Since arriving in the Bay Area, Garoppolo has started 28 of a possible 46 regular season games. He guided the 49ers to a Super Bowl, but couldn't deliver the Lombardi trophy. On Sunday he returns to Foxborough, Massachusetts, for the first time since the trade with plenty of unanswered questions about his overall ceiling.
And while Garappolo's return makes for an intriguing storyline as the 3-3 Niners and 2-3 Patriots (4:25 p.m. ET, CBS) meet in a game both teams need to win, it hasn't exactly jumpstarted a nostalgic walk down memory lane for either Garoppolo or Patriots coach Bill Belichick.
"It will be cool," Garoppolo said. "You know, getting back to the old stomping grounds. ... Going to be another dog fight."
For his part, Belichick was his usual, understated self when asked multiple questions about Garoppolo on Monday. He said the trade happened "a long time ago" and that the Patriots have "moved on from that." When asked about keeping in touch with Garoppolo since his departure, Belichick said he prefers to keep his conversations with current and former players between he and the individual.
"I'm glad that it's worked out for him in San Francisco," Belichick said. "I hope it doesn't work out on Sunday. But otherwise, happy that he had the opportunity to play for a great coach, and a great organization, and play on a great team. I think he deserves that. He certainly worked hard and earned it."
Despite Belichick's happiness for him, an argument could be made Garoppolo is one of the most polarizing quarterbacks in the league when it comes to the opinions of outside observers.
Much of that can be attributed to a series of career stops and starts most quarterbacks don't experience. The combination of Tom Brady's presence in New England and a variety of injuries has made it hard for Garoppolo to put together a complete picture that allows for a deeper analysis of what kind of quarterback he is and could still become.
He didn't start the first three games after the trade to the 49ers, missed 13 games in 2018 with a torn ACL and two games this season with a high right ankle sprain.
"The more things you go through with a player, the more situations, the different types of years you go through with someone, the more you grow and the more you learn," coach Kyle Shanahan said. "It's almost like we've been with each other for four seasons, but it almost feels like kind of just one, one full one. You always want more time with that."
Garoppolo's 2020 season has raised as many questions as it has answered. He's started four games, but the two he didn't finish best illustrate the varied takes on where he stands.
In Week 2, Garoppolo battled through the ankle injury to put together his best half of the season, finishing with a QBR of 99.6 before his day ended early. After missing the next two games, Garoppolo returned in Week 5 and had a miserable outing against the Miami Dolphins on the balky ankle. He posted a career-low 1.6 QBR and was benched at halftime.
Beyond staying healthy, Garoppolo must prove he can take the offense to the next level. He's proved capable of handling many of the short and intermediate throws Shanahan has drawn up but the Niners have largely lacked a downfield passing component.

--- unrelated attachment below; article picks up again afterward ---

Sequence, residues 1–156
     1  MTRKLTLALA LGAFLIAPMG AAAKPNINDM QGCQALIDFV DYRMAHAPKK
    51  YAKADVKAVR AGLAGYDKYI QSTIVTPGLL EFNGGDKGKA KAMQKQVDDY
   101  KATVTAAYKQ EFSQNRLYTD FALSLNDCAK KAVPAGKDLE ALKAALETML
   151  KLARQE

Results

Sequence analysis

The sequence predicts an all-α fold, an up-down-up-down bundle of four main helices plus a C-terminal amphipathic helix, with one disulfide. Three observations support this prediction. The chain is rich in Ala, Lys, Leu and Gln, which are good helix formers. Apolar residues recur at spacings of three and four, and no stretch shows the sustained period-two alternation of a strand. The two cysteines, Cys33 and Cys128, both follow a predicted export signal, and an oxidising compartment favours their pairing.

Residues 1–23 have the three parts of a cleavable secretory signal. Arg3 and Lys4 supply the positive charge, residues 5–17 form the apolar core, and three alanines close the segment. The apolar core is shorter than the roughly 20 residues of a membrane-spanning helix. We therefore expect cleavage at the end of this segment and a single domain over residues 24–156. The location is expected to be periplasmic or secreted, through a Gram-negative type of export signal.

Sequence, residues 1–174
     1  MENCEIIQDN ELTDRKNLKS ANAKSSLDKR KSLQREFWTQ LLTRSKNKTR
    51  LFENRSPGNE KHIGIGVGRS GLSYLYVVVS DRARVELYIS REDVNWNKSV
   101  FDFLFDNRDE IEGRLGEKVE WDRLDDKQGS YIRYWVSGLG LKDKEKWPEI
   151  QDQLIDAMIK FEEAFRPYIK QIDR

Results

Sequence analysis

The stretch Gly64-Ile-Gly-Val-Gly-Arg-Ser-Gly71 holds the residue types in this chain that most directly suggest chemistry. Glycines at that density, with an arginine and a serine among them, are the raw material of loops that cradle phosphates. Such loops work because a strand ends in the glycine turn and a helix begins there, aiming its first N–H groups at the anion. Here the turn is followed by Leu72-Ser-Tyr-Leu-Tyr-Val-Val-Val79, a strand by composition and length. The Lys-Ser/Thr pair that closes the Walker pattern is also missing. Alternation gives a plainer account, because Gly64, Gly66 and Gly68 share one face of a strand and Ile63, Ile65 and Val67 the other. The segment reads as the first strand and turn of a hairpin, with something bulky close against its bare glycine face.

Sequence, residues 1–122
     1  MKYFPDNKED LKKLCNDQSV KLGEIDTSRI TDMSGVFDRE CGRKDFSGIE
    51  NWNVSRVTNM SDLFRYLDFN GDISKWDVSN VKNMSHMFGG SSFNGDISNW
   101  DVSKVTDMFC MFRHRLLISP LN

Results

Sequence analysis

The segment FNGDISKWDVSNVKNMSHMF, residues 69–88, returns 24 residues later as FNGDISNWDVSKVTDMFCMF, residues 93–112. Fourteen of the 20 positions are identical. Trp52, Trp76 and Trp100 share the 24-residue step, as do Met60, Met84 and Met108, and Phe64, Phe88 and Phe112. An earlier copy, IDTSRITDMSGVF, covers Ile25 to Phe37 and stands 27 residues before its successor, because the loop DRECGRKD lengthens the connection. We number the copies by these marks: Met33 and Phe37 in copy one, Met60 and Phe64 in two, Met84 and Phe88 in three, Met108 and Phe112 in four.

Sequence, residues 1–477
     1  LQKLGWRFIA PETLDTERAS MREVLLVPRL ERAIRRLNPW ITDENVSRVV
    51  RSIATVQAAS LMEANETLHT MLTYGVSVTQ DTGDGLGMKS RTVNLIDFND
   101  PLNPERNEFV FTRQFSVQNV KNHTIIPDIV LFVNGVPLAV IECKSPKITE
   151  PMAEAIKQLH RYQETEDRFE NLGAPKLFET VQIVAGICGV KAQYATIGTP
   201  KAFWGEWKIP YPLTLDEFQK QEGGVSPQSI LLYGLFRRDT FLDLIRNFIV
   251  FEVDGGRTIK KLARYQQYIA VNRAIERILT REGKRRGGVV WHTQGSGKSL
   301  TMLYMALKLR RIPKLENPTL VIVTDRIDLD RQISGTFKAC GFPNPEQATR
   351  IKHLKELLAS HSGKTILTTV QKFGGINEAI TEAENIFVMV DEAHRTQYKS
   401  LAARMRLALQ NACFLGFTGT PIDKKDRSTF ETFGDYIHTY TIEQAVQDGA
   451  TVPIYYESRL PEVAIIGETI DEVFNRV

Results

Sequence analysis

Last year, Garoppolo led the league in completion percentage on passes thrown 20-plus yards in the air (65.5) but he was also 29th among all quarterbacks in attempts with 29. This year, Garoppolo is 0-for-8 on such throws with two interceptions and his average air yards per attempt is 6.41, tied for third fewest among starting quarterbacks.
No matter how creative Shanahan and his staff are, when a defense can sit on the shorter stuff and the running game, it makes it tough to move the ball consistently.
"They can only screen you and quick game you for so long," ESPN NFL analyst Dan Orlovsky said. "Eventually, you are able to clamp down on them. With the 49ers, you're only going to be able to win so many games throwing the ball 2 yards past the line of scrimmage. You might be able to win some games and Kyle is phenomenal but when it comes to it, you have to be able to penalize teams for playing a certain way. Peyton Manning used to always say that in our meetings. ... Jimmy has got to get to that point with San Francisco. When teams start clamping down you have to hurt them or they won't care."
After this season, Garoppolo has two years remaining on his contract with cap hits of $26.9 million in 2021 and $27 million in 2022. Those are reasonable numbers for a starting quarterback but the Niners could, theoretically, get out of Garoppolo's contract this offseason with $2.8 million in dead money and save $24.1 million in the process.
It's hard to imagine that scenario playing out given Garoppolo's regular season and playoff run for the Niners in 2019. He's provided his share of bright spots and is beloved in the locker room. The more likely scenario is that he's the 49ers quarterback at least through this contract and possibly beyond.
Still, three years after the trade, the questions persist. That Garoppolo remains unfazed might be his greatest strength and the one question to which he's delivered a definitive answer.
"When you are having people on you like that and you come in to work on Monday and then you go into the huddle on Wednesday in practice and guys can hear it in your voice how you call a play, kind of how you walk around," Shanahan said. "He walks confident and tall each day. He doesn't have the demeanor of a guy who's worried about much. ... When Jimmy's in there, you can tell the team believes. That's one of the most important things with giving us a chance to win."